Pregnant women on drugs already feel ashamed, they already hate themselves, they already feel hopeless, helpless, depressed and lost. I know this because I was addicted to drugs while I was pregnant. I was hooked on prescription opioid painkillers. Not only was I prescribed Vicodin at 6 months pregnant, but I was also getting them off of the streets.
I was helpless, hopeless, depressed and lost. Each night I’d cry pleading with God to protect my baby while I swallowed another pill. I couldn’t stop. I didn’t know how to stop. I hated myself. What happened to my baby, you ask? What happened to me? How was I treated? My son was born with NAS, though miraculously his withdrawals were very mild and lasted about 4 days. Thankfully, he didn’t need any medication. This is honestly very rare and I credit it prayer and God’s grace.
I was treated the worst I had ever been in my life, even by all of the medical staff. I hate dredging this up, but I want people to understand what happened. The medical staff whispered about me, while I was in the hospital labor room. The one nurse was particularly nasty and mean to me. The doctor looked on me with hate, disgust and judgment.
My labor was 30 hours of hell because they would not put my epidural back in after it fell out. They pumped me full of Pitocin, which caused quadruple contractions with nothing to numb the pain. I felt like I was in hell.
Finally after 30 hours of labor they delivered my baby via C-section – but only because I begged them to and because I wasn’t dilated. Medical staff gave me nothing to numb the pain after the C-section was performed either. They wheeled me into a room and scoured and walked away. They wanted me to feel the fire, the pain and the consequences of my actions.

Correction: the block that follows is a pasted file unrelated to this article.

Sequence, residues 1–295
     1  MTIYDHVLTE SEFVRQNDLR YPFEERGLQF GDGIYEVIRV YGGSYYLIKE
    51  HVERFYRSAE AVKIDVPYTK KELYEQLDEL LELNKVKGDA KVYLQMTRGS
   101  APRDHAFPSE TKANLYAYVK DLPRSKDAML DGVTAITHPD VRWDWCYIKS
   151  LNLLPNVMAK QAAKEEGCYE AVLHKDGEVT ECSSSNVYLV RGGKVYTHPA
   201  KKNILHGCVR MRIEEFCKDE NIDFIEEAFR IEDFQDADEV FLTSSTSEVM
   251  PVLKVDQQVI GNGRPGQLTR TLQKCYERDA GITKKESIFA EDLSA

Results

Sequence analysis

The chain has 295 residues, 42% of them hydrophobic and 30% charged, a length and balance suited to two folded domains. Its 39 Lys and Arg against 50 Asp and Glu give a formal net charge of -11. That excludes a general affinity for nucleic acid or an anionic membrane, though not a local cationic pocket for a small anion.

I get it now, not that I condone their behavior, but I understand because they understood nothing about addiction and what was happening to me and it caused them to act out with hate in their hearts for a woman who suffered from the disease of addiction. They had their pre-conceived opinions and judgments. I wish I could go back to that hospital now and tell them what that did to me mentally and emotionally, but because I understand both view points it’s probably a lost cause.
Chanda’s Advice to Doctors, Nurses and Medical Professionals Who Are Delivering the Child of a Pregnant Woman Who Suffers From Addiction
I want doctors to understand that a woman who is addicted while pregnant is not a low-life or a bad person. She is not inherently flawed. She is just lost, spiraling down in the throes of addiction.
If any addict needs help more than another, it would be the pregnant woman. Kindness and compassion can go such a long way, even so far as to save a baby’s life. Understand that a pregnant woman suffering from heroin and/or drug addiction will hang on to your every word. Thus, it’s crucial to approach her with care and understanding.
If the doctors, nurses and medical staff at the hospital all treated me with just a little kindness, my situation would have been very different. Instead, when I was about 6 months pregnant and I peed in the little cup they gave me for my check up at my gynecologist, I gave a urine sample filled with Vicodin and Dilaudid. The nurse came in and told me what they had found and that the doctor was going to “talk” with me about it. I was sweating and my anxiety went through the roof. I felt like I was having a heart attack.
When the doctor finally came in, she literally acted like she didn’t know a thing. She went on with a normal check-up and I was so confused. Why didn’t she say anything? Why didn’t she chastise me? Why didn’t she at the very least, offer me help? It wasn’t until the day after I had my baby when CPS (Child Protective Services) showed up in my hospital room, that I had realized why. They said they were sent by the doctor to take my son from me because I had tested positive for painkillers in my system on several different occasions.
I talked my way out of the CPS encounter because I had proven I was prescribed vicoden, but I still think about that. The doctor didn’t want to help me, she wanted to have my baby taken. I am perplexed at the thought of her never saying a word, still to this day.